Over the last few years, the openness of Android has enabled us to do all sorts of crazy things natively. Accessing root and playing around with the core system, something that’s frowned upon the other side of the pond.
While different services have enabled us to wirelessly send files, notes, share clipboard and even access notifications from PC, Pushbullet gives us all of that bundled in a neat little app with a fresh perspective towards sharing data between the phone and the PC.
You’ll need to download the Pushbullet app and also the corresponding extension for Google Chrome or Firefox. You’ll also need to sign up for an account, which you can do with your Google log in, which is the only way to enable the service. Once you’ve done that, Pushbullet will ask you if you want to mirror your notifications using the Chrome browser on your computer. This is an incredibly useful feature and works well in my testing. The notification mirroring is also customizable. You can disable mirroring for any app and you can also dismiss the notification right from your desktop.
How To Push Text and Files
To push anything from Chrome to Android, just click on the Pushbullet icon from the extension bar. A neat little window will popup. In here you will find the link to the page you are currently visiting already filled in, or you can paste in something else entirely if you want. You can also add a note or a list, an address or even a file (as long as it’s less than 25MB).
Pushbullet is contextually aware, so any link that’s pushed to your phone’s notification bar opens directly in your default browser when tapped. Similarly, addresses open in Maps and files start downloading through Android’s Download Manager instantaneously.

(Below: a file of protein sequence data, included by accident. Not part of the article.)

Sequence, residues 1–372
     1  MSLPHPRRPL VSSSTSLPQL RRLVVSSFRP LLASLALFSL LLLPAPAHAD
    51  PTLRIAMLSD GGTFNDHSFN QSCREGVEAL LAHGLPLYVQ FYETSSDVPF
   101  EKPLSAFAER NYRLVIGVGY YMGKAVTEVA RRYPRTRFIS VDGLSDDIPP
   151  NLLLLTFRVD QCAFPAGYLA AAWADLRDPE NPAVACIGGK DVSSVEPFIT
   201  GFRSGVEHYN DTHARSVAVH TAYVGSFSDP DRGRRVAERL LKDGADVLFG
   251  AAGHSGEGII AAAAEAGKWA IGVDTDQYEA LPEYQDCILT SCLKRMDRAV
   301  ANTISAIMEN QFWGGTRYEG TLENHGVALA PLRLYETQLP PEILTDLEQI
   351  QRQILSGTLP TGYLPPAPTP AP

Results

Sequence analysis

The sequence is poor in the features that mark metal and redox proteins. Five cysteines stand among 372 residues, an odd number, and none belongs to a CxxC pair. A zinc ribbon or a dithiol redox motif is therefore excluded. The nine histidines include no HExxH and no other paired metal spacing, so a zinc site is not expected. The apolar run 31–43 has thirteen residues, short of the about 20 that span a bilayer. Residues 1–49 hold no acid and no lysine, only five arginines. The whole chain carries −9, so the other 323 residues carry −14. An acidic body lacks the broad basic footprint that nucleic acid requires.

To push anything from your Android phone to Chrome on your computer, fire up the Pushbullet app and tap the handy Pushbullet button with a + on the lower right corner. This will bring up a new menu. From here select your option, add some information, tap push and you are done!
History: Whether you are using the website or the Android app, Pushbullet always shows you a history of everything you’ve pushed through your devices. They stay here even after you’ve dismissed the notification. Pretty handy.
Push To Friend: Push to friend allows you to push data just like you do between your devices but with your friends. This can be useful to send directions or files directly to your friend without using email. But do make sure your friend isn’t a troll (I know, goes without saying).
The Really Good
Notification Mirroring : Apps like AirDriod use your IP address to connect your Android phone and PC. But because the data here passes though the Pushbullet servers, the notification mirroring is available even when your phone is using data instead of Wi-Fi. You can of course disable this feature and mirror only via Wi-Fi from settings.
Cloud Based Reminders: Sending notes and lists directly to the notifications bar is Pushbullet’s subtle feature. But once you start using it the right way, you start seeing its genius. When you push any kind of text through your browser, it stays there in your phone’s notification bar till you swipe it away. So if you have something important to do, just push it forward and it will stay there haunting you every time you pull down the notifications bar, which if you are a normal mobile user, is every 5 minutes.
Pushbullet’s biggest feature is also its weakest. Pushbullet uses its own servers to send data and files even when all your devices are connected on the same network. While this feature gives you a good amount of flexibility, it also means that the 25MB file will take a couple of minutes to push between devices instead of a couple of seconds.
You’ll find the word Push being used 15.6 jillion times (mathematically sound) across its services and throughout this article as well. But what we’d like to know is how you send small chucks of information from your PC to your phone and if you think Pushbullet will make your life a bit easier in this regard. Chime in with your thoughts in the comments.